Seven inducted into OSI Hall of Fame following 5-year hiatus

  • Published
  • By Thomas Brading
  • OSI Public Affairs

After a five-year pause, the Office of Special Investigations Hall of Fame reconvened Sept. 9 to induct seven of its own legends.

This year's inductees, previously nominated but delayed in joining the Hall of Fame due to COVID-19 disruptions, included Steven F. Minger and Martin L. Pitt from the Class of 2018; Joe R. Worley and Rene G. Pichard from the Class of 2020; and Gale D. Ahern, Kelly D. Harrison, Sr., and Richard D. Womble from the Class of 2022.

The event drew a crowd of over 200, from both OSI's past and present. Among them were many of the inductees, their families and past OSI senior leaders, including six previously inducted OSI hall of famers. Currently serving leaders included Col. Amy Bumgarner and Chief Master Sgt. Gregg Gow, OSI’s command chief. 

“All seven inductees started their careers as enlisted, and that speaks highly of our enlisted corps,” Bumgarner said, in her opening remarks. 

Class of 2018

Starting his Air Force career in 1966, Minger initially served with the Air Police. By 1971, he transitioned to OSI as a Special Agent. Although he retired as a master sergeant in 1986, Minger swiftly returned to the fold, serving as a civilian Special Agent for an additional 27 years.

Recognized for his ability to recruit informants, Minger played a crucial role in successful counter-drug operations across Europe during the 1970s to the 1990s. Beyond operations, he also molded aspiring Special Agents as a training officer. 

Over his tenure, which took him from Texas to Germany, Minger devoted 42 years to OSI before retiring in 2013.

“I had the great fortunate to work with most of the Hall of Famers and for the most part I learned who I was from those guys,” Minger said, during the ceremony. “There are guys in the audience who I owe a great deal of gratitude to, because without them, I wouldn’t be able to do what I did.”

Similarly, Pitt, another Class of 2018 inductee, began his service with the Air Force in 1962. He first joined the Air Police, and by 1971, he embraced a role with OSI as a Special Agent. Although he retired as a chief master sergeant in 1992, his association with OSI continued in a civilian capacity for 16 more years. 

His expertise extended to source operations, with duties ranging from criminal investigations to Chief of Organizational Development. Having served in varied locations, including Oregon, Germany and Washington, D.C., Pitt dedicated 37 years to OSI and 47 years to the Department of the Air Force before his retirement in 2009.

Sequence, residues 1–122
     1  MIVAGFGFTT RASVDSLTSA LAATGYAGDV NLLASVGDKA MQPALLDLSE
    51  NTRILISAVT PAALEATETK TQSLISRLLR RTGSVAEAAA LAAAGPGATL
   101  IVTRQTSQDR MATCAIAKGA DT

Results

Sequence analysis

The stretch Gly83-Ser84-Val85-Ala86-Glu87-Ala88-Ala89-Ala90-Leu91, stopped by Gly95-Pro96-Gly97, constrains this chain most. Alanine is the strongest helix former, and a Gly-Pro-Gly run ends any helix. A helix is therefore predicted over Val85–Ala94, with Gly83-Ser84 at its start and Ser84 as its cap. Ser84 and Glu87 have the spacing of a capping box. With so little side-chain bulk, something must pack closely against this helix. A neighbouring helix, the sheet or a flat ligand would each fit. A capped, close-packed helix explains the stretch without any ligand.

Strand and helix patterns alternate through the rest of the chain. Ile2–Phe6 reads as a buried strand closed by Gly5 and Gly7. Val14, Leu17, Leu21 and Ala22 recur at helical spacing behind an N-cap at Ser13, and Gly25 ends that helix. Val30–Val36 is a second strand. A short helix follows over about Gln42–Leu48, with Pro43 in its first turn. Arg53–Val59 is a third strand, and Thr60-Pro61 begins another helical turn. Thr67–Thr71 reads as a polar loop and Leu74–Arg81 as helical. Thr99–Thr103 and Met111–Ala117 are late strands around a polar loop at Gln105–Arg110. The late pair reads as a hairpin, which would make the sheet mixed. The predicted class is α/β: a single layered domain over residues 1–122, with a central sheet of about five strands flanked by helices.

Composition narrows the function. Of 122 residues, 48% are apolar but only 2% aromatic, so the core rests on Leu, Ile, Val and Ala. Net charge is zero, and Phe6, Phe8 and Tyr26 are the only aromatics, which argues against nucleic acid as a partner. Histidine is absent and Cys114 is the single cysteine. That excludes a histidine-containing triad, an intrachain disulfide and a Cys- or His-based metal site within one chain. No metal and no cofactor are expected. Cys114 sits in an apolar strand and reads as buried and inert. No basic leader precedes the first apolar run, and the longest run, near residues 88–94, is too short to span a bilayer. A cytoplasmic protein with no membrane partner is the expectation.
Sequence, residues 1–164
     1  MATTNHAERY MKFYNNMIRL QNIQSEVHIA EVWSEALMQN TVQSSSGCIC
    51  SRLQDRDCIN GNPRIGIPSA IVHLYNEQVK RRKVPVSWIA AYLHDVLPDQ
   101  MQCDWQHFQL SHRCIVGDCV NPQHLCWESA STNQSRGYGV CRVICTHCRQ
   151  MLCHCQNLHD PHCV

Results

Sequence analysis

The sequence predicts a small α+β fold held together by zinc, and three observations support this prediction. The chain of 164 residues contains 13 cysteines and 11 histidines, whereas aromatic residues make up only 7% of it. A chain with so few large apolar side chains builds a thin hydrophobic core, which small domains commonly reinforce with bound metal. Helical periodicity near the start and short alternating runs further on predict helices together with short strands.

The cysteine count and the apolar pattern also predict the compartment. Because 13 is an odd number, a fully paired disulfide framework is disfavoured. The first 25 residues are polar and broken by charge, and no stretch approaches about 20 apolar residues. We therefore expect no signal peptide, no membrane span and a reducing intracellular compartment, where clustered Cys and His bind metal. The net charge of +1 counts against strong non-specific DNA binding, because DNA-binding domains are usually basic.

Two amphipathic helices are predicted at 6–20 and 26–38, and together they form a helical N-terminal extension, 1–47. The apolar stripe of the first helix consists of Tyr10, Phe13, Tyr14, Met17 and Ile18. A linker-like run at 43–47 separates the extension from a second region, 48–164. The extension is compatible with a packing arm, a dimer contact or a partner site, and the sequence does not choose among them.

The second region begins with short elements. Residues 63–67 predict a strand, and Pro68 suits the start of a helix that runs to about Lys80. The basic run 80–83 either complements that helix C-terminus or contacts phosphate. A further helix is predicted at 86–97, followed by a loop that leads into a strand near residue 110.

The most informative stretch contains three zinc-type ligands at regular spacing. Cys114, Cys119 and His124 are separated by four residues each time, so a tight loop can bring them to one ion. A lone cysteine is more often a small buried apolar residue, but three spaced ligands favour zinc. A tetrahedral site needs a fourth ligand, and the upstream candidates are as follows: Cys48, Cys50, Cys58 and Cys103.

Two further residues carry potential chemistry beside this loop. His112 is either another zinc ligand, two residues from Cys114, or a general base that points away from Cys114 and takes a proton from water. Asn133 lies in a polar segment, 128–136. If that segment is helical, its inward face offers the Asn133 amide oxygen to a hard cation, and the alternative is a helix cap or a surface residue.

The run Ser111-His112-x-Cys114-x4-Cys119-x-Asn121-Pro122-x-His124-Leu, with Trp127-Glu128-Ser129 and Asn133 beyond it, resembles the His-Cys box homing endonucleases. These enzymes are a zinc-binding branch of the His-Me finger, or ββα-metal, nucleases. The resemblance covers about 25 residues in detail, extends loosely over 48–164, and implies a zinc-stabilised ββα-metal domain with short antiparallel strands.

“When I was notified of this award, I was taken back considerably,” he said, during the ceremony. “But I recognize it wasn’t just me, it was the coalition of the best agents of a generation, and I accept this award on behalf of them.” 

Class of 2020

Following the careers of the Class of 2018 inductees, the spotlight shifted to the next generation of OSI trailblazers. The Class of 2020 started with Worley, whose commitment to the Air Force began in 1955, where he initially served in the Air Police domain. 

Throughout his tenure, Worley earned a reputation for innovation, pioneering joint task force investigations that consistently yielded successful prosecutions and recoveries. Among his notable achievements, he twice spearheaded the largest fraud probes in OSI's history at that time. 

He went on to serve in multiple capacities, from criminal investigator to detachment commander. He concluded his career in 1978 as a chief master sergeant, having dedicated 23 years to active duty and 17 of those to OSI.

In his acceptance speech, Worley, now 87, said being recruited into OSI was one of the highlights of his life. Hailing from Williamsburg, Kentucky, he joked that before joining OSI, he had barely ventured outside his hometown. 

But as Worley's service took him across varied terrains, another hall of famer had already etched his mark on OSI history. Born in France in 1922, Pichard began his service with the French navy, later participating in the French resistance during World War II.

Post-war in 1945, Pichard migrated to the U.S., before he joined the National Guard. Four years later, he was on active duty and served during the Korean War, and by 1959, he embraced the role of an OSI Special Agent.

His deep connections to France cemented his place with OSI, where he represented the organization in Paris for three decades. According to ret. Col. Toby Sullivan, who helped nominate him, Pichard “knew Paris like the back of his hand,” he said.